Link between bacterial imbalances and breast cancer identified
Bacterial composition of breast tissue could offer a new perspective in the battle against breast cancer…
Researchers have uncovered differences in the bacterial composition of breast tissue of healthy women vs. women with breast cancer. The research team has discovered for the first time that healthy breast tissue contains more of the bacterial species Methylobacterium, a finding which could offer a new perspective in the battle against breast cancer.
We hope we can use microbiomics right before breast cancer forms and then prevent cancer with probiotics or antibiotics.
“To my knowledge, this is the first study to examine both breast tissue and distant sites of the body for bacterial differences in breast cancer,” said co-senior author Dr Charis Eng, Chair of Cleveland Clinic’s Genomic Medicine Institute and director of the Center for Personalized Genetic Healthcare. “Our hope is to find a biomarker that would help us diagnose breast cancer quickly and easily. In our wildest dreams, we hope we can use microbiomics right before breast cancer forms and then prevent cancer with probiotics or antibiotics.”
The study examined the tissues of 78 patients who underwent mastectomy for invasive carcinoma or elective cosmetic breast surgery. In addition, they examined oral rinse and urine to determine the bacterial composition of these distant sites in the body.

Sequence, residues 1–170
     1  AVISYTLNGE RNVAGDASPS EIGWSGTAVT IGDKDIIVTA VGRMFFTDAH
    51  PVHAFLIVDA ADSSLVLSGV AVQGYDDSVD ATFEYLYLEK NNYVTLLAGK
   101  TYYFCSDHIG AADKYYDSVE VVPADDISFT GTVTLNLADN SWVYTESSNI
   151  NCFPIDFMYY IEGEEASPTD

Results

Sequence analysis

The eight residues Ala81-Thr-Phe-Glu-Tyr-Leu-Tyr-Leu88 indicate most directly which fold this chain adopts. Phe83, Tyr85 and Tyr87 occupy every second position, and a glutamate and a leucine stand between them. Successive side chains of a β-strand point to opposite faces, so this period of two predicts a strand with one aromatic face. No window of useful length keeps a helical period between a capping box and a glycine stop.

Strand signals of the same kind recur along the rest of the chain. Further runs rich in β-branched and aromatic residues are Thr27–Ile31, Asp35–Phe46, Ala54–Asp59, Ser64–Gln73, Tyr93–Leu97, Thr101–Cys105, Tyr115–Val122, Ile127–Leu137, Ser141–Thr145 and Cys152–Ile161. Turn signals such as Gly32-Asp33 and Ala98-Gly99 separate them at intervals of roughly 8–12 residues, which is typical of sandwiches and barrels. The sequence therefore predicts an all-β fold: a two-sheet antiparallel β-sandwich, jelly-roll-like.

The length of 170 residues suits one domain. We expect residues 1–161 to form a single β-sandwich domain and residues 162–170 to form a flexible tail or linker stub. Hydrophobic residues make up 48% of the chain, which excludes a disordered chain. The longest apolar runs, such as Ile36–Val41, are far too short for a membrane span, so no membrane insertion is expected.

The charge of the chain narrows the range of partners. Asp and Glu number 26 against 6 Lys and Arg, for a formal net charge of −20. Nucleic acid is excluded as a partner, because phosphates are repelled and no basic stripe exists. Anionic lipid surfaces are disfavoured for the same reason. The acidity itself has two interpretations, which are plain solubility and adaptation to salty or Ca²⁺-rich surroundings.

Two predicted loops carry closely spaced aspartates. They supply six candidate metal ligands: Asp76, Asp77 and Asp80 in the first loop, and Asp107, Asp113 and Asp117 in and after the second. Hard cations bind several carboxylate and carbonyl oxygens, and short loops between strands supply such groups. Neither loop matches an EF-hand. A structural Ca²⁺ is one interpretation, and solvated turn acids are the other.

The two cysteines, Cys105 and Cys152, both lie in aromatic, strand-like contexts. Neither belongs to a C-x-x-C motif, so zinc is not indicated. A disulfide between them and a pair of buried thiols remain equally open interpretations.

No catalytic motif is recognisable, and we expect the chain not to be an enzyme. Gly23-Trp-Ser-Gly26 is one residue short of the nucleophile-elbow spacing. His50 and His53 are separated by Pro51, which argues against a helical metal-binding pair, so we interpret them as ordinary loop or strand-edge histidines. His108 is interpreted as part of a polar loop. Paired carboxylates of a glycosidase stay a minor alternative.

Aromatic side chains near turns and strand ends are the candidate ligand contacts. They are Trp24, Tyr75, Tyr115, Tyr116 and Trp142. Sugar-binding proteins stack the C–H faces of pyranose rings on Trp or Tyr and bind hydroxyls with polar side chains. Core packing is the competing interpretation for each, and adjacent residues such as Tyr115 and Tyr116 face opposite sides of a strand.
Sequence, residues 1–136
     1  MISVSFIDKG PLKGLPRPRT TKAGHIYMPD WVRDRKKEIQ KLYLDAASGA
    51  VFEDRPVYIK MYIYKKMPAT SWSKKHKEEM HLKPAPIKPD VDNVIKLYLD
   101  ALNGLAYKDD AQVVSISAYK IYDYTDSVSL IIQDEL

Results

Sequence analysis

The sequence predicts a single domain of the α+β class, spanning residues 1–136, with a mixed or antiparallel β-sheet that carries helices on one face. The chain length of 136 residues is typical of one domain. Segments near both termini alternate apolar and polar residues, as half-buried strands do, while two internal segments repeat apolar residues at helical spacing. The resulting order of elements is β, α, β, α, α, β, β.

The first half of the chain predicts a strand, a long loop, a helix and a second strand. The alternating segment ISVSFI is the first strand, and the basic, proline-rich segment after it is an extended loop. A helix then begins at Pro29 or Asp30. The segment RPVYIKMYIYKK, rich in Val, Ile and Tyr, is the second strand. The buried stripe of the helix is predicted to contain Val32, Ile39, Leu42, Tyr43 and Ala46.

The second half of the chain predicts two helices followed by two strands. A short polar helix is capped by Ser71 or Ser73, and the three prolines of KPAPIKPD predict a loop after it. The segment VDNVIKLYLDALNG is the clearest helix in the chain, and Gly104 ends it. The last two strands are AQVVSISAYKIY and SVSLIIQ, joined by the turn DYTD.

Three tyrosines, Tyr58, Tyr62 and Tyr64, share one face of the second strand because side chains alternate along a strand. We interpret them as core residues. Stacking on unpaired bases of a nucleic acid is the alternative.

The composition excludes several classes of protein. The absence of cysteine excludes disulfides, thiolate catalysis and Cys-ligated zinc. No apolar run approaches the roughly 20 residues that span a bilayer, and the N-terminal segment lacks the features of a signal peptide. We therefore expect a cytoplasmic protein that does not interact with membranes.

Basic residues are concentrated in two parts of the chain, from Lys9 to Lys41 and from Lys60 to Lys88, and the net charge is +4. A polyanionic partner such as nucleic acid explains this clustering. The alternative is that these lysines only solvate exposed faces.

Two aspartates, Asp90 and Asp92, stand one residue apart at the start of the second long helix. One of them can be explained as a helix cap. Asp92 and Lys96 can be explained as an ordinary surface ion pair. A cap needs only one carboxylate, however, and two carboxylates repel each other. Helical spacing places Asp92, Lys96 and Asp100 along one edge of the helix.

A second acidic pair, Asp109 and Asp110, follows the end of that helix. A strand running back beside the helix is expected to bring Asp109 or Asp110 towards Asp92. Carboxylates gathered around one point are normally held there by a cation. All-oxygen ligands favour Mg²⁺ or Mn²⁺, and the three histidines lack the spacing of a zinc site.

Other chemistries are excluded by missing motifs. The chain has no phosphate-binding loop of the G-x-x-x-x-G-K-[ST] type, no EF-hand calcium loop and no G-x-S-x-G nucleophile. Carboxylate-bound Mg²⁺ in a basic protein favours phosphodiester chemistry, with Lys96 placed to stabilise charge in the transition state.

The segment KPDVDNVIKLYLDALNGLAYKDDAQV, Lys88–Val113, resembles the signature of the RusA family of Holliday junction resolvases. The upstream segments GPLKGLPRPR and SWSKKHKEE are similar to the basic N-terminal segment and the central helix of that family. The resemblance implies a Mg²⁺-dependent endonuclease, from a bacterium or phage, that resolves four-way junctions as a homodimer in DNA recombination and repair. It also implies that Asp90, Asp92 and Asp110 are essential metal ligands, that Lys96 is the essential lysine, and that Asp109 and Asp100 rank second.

In addition to the Methylobacterium finding, the team discovered that cancer patients’ urine samples had increased levels of gram-positive bacteria, including Staphylococcus and Actinomyces.
Further studies are needed to determine the role these organisms may play in breast cancer.
Co-senior author Dr Stephen Grobymer, said, “If we can target specific pro-cancer bacteria, we may be able to make the environment less hospitable to cancer and enhance existing treatments. Larger studies are needed but this work is a solid first step in better understanding the significant role of bacterial imbalances in breast cancer.” Dr Grobmyer is section head of Surgical Oncology and director of Breast Services at Cleveland Clinic.
The study provides proof-of-principle evidence to support further research into the creation and utilisation of loaded submicroscopic particles, targeting these pro-cancer bacteria.
Funded by a grant from the Center for Transformational Nanomedicine, Dr Grobmyer and Dr Eng are collaborating with investigators at Hebrew University to develop new treatments using nanotechnology to deliver antibiotics directly to the bacterial community in breast cancer.